DNA was extracted from each microbial consortium (in triplicate) using the UltraClean Microbial DNA Isolation Kit (MoBio Laboratories Inc., Carlsbad, CA, USA) according to the manufacturer’s instructions. Bacterial community structures, in the soil-derived microbial consortia (original- transfer 9) and in the final microbial consortia cultivated on the once-used plant biomass (selected- transfer 13: WS1-M, SG-M and CS-M), were evaluated by PCR-denaturing gradient gel electrophoresis (PCR-DGGE). Primer sequences, PCR and DGGE conditions were previously reported (Jiménez et al. 2014a; Brossi et al. 2015). Fingerprinting results were analysed using GelCompar software (Applied Maths, Sint-Martens-Latem, Belgium). Thus, presence/absence band patterns were converted in Jaccard dissimilarity matrices for non-metric multi-dimensional scaling (nMDS) using Primer6 (PrimerE, Ivybridge, UK).

Bacterial 16S rRNA gene amplicon sequencing and data processing

Bacterial community structures, in the microbial source (forest soil), the original microbial consortia (WS1, SG and CS) and in the final microbial consortia cultivated on the once-used plant biomass (WS1-M, SG-M and CS-M), were evaluated by Illumina MiSeq (2 × 300 bp) amplicon sequencing. Briefly, PCR reactions were performed using the primer set FP16S (5′-TGYCAGCMGCCGCGGTA-3′) and RP16S (5′-CCGYCAATTYMTTTRAGTTT-3′) that targets regions V4–V6 of the 16S ribosomal RNA (rRNA) bacterial gene. Twenty-five-microlitres PCR reactions were performed in triplicate using 0.25 μl (5 U/μl) FastStart High Fidelity Taq DNA Polymerase (Roche, Basel, Switzerland), 2.5 μl (10×) FastStart High Fidelity reaction buffer without MgCl2, 2.3 μl (25 mM) MgCl2, 0.5 μl (10 mM) PCR nucleotide mix, 0.25 μl (20 mg/ml) bovine serum albumin, 0.5 μl of each (10 mM) primer and 10 ng of sample DNA. The thermal cycling protocol was 95 °C for 5 min, 30 cycles of 95 °C for 40 s, 58 °C for 45 s, 72 °C for 35 s and a final extension of 10 min at 72 °C. All amplicons were run in an agarose gel (1 % w/v) and bands containing exact sizes were excised from the gel and purified using the QIAquick Gel Extraction Kit (QIAGEN, Hilden, Germany). Purified amplicons from each triplicate reaction were pooled together in order to minimize PCR bias and then sequenced at Genewiz (South Plainfield, NJ, USA).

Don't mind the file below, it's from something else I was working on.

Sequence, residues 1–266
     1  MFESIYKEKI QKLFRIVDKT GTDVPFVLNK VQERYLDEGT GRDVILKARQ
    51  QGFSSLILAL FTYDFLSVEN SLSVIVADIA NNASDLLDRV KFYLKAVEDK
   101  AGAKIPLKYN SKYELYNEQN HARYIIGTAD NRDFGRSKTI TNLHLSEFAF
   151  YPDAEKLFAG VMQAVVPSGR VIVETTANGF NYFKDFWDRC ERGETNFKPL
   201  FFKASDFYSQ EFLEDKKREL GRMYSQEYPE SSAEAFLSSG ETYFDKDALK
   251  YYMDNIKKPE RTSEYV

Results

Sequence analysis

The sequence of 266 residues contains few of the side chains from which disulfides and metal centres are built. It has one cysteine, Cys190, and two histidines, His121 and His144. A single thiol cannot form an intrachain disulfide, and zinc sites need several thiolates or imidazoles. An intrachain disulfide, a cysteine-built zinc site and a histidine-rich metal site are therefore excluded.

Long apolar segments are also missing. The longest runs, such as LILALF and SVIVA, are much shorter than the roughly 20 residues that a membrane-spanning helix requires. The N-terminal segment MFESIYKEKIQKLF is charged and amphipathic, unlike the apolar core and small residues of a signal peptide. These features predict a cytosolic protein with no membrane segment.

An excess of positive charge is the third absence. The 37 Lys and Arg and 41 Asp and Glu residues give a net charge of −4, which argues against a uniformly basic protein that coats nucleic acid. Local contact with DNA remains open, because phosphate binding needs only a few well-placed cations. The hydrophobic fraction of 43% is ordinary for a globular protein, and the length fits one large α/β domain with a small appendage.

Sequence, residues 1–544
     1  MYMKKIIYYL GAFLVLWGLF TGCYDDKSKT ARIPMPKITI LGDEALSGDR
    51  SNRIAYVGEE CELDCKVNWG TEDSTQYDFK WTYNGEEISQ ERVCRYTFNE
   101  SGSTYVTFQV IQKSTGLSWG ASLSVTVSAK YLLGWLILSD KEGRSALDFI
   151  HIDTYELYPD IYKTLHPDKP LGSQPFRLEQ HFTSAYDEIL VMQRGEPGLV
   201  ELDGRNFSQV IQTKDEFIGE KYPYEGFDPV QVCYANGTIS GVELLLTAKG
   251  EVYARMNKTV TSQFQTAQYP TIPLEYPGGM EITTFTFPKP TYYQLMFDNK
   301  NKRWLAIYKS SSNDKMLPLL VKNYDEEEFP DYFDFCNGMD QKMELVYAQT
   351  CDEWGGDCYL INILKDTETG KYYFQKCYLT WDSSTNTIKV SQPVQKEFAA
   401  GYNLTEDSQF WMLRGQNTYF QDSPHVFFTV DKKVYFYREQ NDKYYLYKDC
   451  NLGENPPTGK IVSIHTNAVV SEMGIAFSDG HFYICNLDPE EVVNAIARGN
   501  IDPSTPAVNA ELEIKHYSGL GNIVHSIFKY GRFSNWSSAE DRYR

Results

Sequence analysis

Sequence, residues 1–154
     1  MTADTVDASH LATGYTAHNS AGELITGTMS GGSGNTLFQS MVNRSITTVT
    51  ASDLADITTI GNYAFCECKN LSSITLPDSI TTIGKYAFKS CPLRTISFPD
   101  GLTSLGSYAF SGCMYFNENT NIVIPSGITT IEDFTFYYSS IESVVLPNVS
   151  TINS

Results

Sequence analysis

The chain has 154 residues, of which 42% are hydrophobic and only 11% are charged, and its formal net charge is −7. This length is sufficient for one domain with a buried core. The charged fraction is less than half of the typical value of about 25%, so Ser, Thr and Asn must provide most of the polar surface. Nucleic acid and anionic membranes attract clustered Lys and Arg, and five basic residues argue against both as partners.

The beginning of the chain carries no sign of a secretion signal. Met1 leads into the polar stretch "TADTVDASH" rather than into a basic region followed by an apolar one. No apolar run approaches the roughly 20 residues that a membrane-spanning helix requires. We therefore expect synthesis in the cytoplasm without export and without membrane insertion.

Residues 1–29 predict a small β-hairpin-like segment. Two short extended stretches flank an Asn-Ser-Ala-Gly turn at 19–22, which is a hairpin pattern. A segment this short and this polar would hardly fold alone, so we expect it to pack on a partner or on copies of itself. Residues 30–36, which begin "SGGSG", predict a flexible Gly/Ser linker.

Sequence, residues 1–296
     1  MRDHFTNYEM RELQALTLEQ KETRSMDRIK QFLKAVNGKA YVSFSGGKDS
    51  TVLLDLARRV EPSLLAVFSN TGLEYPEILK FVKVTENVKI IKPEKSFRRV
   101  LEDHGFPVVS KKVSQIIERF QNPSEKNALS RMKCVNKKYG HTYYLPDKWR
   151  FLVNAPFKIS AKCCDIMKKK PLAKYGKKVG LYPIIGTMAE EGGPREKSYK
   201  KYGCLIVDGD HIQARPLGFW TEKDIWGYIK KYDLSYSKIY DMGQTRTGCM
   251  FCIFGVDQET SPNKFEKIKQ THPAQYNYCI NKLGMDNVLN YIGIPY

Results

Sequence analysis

Sequencing raw data were demultiplexed and processed using the Quantitative Insights Into Microbial Ecology toolkit (QIIME) (Caporaso et al. 2010a). The bacterial 16S rRNA gene partial sequences were then quality-trimmed using the following parameters: quality score >25 and sequence length >300 and <900 bp. The quality reads were then binned into operational taxonomic units (OTUs) at 97 % sequence identity using UCLUST (Edgar 2010). A representative sequence for each OTU was aligned against the Greengenes coreset (DeSantis et al. 2006) using PyNAST (Caporaso et al. 2010b); then, the sequences were taxonomically classified using the Greengenes database via the RDP classifier (Wang et al. 2007). For all OTU-based analyses, the original OTU table was rarified to a depth of 8500 sequences per sample (the fewest in a single sample). Moreover, QIIME was also used to generate weighted UniFrac distance matrices.

Metagenome sequencing and processing of unassembled sequences

The DNA samples from the microbial consortia (in triplicate) cultivated on the once-used plant biomass (WS1-M, SG-M and CS-M; n = 9) were subjected to Illumina MiSeq v2 sequencing (250 bp paired-end reads) at LGC Genomics (Berlin, Germany). Overlapping sequence pairs were matched, and non-overlapping reads retained as individual reads, after which dereplication was performed. Duplicate read based inferred sequencing error estimation and quality trimming (phred score <20) was done using default settings in MG-RAST v3.1.2 server (Meyer et al. 2008). Gene predictions were done using the FragGeneScan software and subsequently, the predicted proteins were annotated based on BLASTX searches against the RefSeq database using an e value cutoff of 1e-15, a minimum alignment length of 50 amino acids and a minimum identity of 50 % (Jiménez et al. 2015a). All metagenome sequences are publically accessible on the MG-RAST server (Metagenome IDs 4579476.3 to 4579481.3 and 4579485.3 to 4579487.3).